Cornerstone exists because of Jesus. We are a people who have been transformed by the gospel, the good news of Jesus Christ. Through Jesus’ death and resurrection, God has forgiven us and adopted us into his family. Now, we have a whole new life.
Through the gospel, God redeems us, forgives us, and adopts us into his family. The good news of Jesus’ death and resurrection makes each one of us a new creation and gives us a new identity: children of God. This is why we can never think of the church as an organization or a building. The church is actually a family—God’s family, filled with redeemed sinners that are now his children.
Through the gospel, God forgives us, adopts us into his family, and makes us his disciples. This means that the church is not just any family. We are a family formed by God—and sent out with a purpose.
The church is a family that ministers to one another, cares for one another, and builds one another up. Each member of the family is a child of God who is uniquely gifted to bless the family and to be a light in our city.
Just like a vine grows best with a good trellis, our church family grows best with good programs. Our programs and ministries are tailored to support the community and mission God has given us.
The purpose of our life is to bring God glory by making disciples. In the middle of our series, three of our pastors stopped to take questions from the congregation on how this plays out in everyday life. Different questions were asked and answered in our three different services, and all three recordings are available.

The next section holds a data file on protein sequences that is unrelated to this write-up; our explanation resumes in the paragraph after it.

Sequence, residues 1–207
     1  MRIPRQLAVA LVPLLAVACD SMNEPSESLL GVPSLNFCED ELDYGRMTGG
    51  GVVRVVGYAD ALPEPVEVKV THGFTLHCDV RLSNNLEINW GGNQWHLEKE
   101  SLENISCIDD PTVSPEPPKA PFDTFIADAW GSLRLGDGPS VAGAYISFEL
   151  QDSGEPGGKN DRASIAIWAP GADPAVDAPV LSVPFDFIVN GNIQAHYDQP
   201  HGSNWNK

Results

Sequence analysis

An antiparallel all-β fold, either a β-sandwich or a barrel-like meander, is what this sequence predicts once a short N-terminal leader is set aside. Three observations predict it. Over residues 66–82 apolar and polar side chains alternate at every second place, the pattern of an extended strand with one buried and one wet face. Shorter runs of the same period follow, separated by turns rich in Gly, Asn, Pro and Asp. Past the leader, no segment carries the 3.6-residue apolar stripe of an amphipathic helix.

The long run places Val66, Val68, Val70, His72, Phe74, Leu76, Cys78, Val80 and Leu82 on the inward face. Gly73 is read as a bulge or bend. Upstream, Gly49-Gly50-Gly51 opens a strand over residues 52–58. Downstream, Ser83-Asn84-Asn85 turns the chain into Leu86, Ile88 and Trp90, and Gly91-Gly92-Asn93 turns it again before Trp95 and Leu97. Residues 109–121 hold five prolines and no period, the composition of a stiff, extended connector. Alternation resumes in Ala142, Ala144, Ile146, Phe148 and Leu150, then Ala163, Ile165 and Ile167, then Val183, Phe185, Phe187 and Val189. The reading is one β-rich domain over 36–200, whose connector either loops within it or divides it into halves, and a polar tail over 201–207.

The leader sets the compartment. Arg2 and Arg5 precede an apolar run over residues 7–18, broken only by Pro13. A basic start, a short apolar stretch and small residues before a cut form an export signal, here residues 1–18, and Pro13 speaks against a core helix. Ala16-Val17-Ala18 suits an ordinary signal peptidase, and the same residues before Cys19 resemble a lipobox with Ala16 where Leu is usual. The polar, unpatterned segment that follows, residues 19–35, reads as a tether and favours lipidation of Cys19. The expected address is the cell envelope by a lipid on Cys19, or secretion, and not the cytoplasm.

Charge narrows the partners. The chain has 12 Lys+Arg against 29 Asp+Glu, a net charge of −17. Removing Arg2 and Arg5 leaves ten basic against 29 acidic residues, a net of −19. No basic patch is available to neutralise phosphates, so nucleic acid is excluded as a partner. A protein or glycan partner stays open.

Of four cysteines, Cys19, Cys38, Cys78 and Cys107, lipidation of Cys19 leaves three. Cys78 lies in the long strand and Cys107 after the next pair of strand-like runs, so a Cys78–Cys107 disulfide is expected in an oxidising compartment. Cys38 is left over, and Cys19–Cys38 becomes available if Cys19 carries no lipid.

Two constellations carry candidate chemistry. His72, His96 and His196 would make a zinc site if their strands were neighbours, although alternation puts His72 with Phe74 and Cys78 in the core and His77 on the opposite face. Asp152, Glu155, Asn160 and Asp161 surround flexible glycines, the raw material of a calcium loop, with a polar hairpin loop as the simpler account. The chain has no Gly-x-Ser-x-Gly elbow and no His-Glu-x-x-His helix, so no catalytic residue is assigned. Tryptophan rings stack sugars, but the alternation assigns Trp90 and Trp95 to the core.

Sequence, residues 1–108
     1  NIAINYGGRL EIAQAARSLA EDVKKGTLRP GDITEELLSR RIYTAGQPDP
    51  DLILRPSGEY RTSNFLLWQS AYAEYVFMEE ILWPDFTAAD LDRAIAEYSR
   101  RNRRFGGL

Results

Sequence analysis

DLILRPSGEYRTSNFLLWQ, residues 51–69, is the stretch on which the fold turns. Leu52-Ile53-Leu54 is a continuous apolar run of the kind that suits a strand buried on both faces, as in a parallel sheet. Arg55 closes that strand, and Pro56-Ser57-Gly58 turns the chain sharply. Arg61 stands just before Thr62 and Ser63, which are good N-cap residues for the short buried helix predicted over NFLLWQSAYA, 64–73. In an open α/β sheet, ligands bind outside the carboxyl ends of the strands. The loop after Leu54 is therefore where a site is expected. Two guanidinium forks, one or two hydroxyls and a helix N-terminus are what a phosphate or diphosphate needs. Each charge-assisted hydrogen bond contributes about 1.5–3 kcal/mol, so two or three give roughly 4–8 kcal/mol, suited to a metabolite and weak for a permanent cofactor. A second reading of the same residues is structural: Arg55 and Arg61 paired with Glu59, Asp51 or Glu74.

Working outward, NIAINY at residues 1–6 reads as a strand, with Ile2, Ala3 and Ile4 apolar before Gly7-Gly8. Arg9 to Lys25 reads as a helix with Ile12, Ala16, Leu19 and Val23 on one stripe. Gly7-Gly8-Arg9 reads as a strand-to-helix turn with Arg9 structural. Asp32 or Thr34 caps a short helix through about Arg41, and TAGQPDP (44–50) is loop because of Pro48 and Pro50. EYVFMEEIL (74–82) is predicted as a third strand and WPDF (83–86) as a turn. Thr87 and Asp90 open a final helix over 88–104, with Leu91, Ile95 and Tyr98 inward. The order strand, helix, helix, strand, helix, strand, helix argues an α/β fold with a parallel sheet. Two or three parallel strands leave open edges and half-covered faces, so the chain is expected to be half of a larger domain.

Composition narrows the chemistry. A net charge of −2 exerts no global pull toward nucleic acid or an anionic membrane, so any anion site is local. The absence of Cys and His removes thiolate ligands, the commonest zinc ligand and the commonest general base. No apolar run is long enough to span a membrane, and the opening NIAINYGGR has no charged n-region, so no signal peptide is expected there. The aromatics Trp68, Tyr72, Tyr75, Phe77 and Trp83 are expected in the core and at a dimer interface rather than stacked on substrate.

Do I have to participate in Christian community in a Community Group? Why?
What if I don’t feel connected to my Community Group?
Sometimes I find that a big hurdle to living in community and loving each other is my own judgmental spirit. On an intellectual level I understand that as a sinner saved by grace I am in no position to judge a fellow sinner, but I still find myself being critical of others. How do I change?
How do you know who you should disciple?
I've been hurt before by investing in people who weren’t actually interested in investing in me. How do you then practically discern who you can rely on and invest in?
When someone knows the truth of God in their head but is struggling to live it out from their heart, how can you best come along side them to encourage them back to God without being preachy and just talking at them?
How does evangelism play into the Church’s call to discipleship?
Should one of the goals of our group be to multiply? Should we look to multiply community groups as soon as we get to a certain point? When should groups multiply?
What is a Biblical perspective on how introverts can honor God in participating in community?
For those who struggle with community because of a selfish mind, what does God teach us about the importance of being selfless?
If I’m a new Christian, do I need to make disciples?
As much as we are willing to be in the community and help making disciples, what if there are people who are not quite ready to be made disciples by us?
What are some practical tips for how unmarried men and women can live in community together? What are some practical tips for how community groups transition life stages?
What are the most common barriers to a thriving community?
How can you bridge age gaps in community, both physical age and spiritual maturity?
How can we prevent our community from being self-serving and self-focused both as individuals and collectively?
My community group talks about the sermon, but we don’t do anything about it. What can be done?
What is the biblical way of thinking through and managing relational burn out?
When someone we’re discipling is suffering, how can we speak about hope for the future without sounding trite?
Scott serves the church by overseeing leadership, development, global ministries, and counseling/discipleship.
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